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PostPosted: Tue Mar 11, 2014 3:52 pm 
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Aloha,

Took my Revo 13 out last week to the bay (low winds with very little current - if any). I was forced to use the "paddles" most of the time since there was pop-up reefs in the bay and obviously didn't want to risk breaking the fin masts.

The times I did "paddle", i noticed that the yak had a tendency to veer right. Even when I would try to paddle more on the right side to steer it back on course, it wouldn't allow me to do so. I'd have to counter paddle on my left side to compensate for this issue.

The Mirage Drive was seated in the home position with fins flushed up against the hull during the time of "paddling". My rudder was up and out of the water as well.

I'm wondering if the fins flushed up against the hull has something to do with the yak drifting a certain way?

Should I try to remove the drive from the water next time and see if the same issue persists?


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PostPosted: Tue Mar 11, 2014 4:16 pm 
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Was your rudder up or down?

If up, you will find that once you finish a stroke, if you wait tad bit too long before making a stroke on the opposite site, the boat will tend to want to turn in a circle.

You may be better off leaving the rudder down, but try to set it straight, or slightly off enough to account for current or wind.


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PostPosted: Tue Mar 11, 2014 4:27 pm 
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Tom Kirkman wrote:
Was your rudder up or down?

If up, you will find that once you finish a stroke, if you wait tad bit too long before making a stroke on the opposite site, the boat will tend to want to turn in a circle.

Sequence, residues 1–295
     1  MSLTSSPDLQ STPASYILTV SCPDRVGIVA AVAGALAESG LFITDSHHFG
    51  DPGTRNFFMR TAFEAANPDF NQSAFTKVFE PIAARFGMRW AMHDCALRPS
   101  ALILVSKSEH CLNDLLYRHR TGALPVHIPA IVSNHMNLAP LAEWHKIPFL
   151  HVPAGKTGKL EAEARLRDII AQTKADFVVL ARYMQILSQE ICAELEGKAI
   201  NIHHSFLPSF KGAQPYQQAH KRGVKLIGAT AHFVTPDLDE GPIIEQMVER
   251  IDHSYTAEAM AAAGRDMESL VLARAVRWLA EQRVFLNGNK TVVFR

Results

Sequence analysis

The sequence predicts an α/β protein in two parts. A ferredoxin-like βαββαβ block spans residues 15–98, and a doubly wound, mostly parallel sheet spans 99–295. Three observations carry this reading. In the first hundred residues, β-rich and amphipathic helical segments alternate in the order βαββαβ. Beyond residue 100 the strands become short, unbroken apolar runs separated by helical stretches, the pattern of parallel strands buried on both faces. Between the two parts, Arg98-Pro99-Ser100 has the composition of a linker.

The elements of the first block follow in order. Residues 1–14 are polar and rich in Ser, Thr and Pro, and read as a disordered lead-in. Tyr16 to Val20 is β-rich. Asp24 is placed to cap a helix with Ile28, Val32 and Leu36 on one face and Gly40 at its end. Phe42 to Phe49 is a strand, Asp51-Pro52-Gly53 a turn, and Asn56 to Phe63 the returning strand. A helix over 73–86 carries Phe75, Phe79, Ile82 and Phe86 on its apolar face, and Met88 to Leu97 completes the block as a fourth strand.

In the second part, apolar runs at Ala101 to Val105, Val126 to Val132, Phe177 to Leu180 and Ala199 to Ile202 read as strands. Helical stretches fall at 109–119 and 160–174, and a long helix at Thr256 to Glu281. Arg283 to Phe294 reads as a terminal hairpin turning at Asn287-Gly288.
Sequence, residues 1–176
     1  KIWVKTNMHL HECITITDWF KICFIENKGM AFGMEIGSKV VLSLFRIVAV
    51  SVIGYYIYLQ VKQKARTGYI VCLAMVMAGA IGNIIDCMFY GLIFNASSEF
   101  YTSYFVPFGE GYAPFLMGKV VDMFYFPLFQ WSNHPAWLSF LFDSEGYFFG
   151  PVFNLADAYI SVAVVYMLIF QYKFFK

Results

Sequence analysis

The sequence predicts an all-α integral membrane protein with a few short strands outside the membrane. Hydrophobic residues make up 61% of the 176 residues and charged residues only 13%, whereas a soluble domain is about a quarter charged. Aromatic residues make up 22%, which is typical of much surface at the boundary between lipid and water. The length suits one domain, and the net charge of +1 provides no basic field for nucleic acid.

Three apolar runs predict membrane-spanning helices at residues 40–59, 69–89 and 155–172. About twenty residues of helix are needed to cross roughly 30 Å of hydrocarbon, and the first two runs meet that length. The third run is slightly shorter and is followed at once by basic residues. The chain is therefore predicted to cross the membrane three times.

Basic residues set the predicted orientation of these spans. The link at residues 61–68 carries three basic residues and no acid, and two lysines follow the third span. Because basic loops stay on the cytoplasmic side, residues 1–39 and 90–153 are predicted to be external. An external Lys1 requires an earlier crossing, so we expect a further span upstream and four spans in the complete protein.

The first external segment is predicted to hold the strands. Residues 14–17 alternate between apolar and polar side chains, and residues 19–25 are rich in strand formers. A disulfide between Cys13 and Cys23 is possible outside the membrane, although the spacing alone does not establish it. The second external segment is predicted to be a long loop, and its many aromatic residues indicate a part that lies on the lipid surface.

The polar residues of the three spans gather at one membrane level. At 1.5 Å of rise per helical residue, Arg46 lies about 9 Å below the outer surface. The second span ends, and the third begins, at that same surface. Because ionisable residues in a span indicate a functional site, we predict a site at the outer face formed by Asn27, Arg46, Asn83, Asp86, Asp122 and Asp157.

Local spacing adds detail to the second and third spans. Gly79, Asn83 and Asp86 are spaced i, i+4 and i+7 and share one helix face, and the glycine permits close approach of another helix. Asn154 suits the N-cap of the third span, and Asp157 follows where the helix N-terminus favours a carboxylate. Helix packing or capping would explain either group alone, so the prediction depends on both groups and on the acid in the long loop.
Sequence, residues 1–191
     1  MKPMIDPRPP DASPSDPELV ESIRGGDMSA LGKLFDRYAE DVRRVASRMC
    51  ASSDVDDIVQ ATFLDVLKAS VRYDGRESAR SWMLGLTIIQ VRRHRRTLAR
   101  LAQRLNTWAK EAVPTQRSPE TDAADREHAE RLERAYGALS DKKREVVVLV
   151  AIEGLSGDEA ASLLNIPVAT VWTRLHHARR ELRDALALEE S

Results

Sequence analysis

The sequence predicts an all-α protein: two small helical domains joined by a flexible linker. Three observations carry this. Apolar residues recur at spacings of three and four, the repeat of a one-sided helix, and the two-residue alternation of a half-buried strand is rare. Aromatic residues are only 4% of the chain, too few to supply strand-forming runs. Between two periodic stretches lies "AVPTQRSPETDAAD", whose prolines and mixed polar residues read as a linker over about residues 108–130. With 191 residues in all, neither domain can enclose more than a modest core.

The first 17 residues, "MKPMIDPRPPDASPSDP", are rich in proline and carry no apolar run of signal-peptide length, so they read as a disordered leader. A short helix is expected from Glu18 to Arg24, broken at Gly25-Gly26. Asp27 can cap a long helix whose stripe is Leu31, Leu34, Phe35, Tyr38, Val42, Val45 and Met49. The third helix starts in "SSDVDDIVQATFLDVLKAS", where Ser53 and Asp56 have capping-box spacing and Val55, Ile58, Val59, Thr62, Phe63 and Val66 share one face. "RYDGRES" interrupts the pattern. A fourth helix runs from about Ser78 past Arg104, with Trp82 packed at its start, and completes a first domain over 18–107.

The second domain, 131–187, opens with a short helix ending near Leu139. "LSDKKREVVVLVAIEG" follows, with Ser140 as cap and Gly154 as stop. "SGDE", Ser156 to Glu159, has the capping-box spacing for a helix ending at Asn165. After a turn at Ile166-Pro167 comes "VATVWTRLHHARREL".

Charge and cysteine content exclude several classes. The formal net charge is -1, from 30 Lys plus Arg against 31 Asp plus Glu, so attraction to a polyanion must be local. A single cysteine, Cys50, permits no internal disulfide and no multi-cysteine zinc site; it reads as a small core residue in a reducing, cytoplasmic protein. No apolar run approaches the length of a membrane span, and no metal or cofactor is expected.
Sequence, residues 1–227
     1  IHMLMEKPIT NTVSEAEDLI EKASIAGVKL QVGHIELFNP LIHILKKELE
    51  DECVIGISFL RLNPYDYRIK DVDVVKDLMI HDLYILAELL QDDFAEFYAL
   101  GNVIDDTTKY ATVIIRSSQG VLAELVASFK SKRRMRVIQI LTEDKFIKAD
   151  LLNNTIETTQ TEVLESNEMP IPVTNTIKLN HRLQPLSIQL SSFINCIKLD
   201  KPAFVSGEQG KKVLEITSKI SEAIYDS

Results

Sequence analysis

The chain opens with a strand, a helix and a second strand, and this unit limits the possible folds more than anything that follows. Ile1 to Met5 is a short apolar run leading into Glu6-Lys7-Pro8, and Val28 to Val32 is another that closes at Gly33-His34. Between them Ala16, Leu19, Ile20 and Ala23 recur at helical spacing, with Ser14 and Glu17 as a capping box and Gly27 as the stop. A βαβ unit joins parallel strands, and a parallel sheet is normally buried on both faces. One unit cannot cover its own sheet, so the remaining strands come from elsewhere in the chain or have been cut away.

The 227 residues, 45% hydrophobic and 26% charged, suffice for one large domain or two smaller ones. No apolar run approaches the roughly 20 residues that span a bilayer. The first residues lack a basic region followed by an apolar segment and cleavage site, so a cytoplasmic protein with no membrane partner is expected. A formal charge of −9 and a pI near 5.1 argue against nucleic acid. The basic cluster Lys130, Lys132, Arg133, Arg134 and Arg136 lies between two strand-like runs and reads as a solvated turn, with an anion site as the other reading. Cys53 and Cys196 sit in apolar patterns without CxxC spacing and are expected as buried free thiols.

You may be better off leaving the rudder down, but try to set it straight, or slightly off enough to account for current or wind.


Tom, the rudder was up while I paddled.

I tried to paddle evenly on both sides but it still veered only to the right.

I'm going to try two things next time I'm out:

- paddle with the drive completely out of the water
- paddle with rudder down


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PostPosted: Tue Mar 11, 2014 4:29 pm 
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Yes. The drive causes drag forward which stalls the bow and then the stern starts to swing. Usually you would round into the wind, but the drive is not symmetrical, so maybe drags harder to one side. Try reversing the pedals to test that, but I would remove the drive and center the rudder (down) for better tracking while paddling. The hulls are designed for rudder use, so no keel line is used which would help tracking, but hurts maneuvering.

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PostPosted: Tue Mar 11, 2014 4:36 pm 
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mmiller wrote:
Yes. The drive causes drag forward which stalls the bow and then the stern starts to swing. Usually you would round into the wind, but the drive is not symmetrical, so maybe drags harder to one side. Try reversing the pedals to test that, but I would remove the drive and center the rudder (down) for better tracking while paddling. The hulls are designed for rudder use, so no keel line is used which would help tracking, but hurts maneuvering.


Thanks Matt - I'll give that a try next time out.


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PostPosted: Tue Mar 11, 2014 4:39 pm 
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Because these boats are designed to be used with the Mirage Drive, they have a very short skeg at the stern so they will tend to turn when paddling.

If you note, the Hobie paddle only kayaks, even in roughly the same model, have a deeper skeg on the stern.


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PostPosted: Tue Mar 11, 2014 6:24 pm 
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The Adventure hull tracks poorly when paddled also, unless the rudder is down.

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PostPosted: Tue Mar 11, 2014 6:43 pm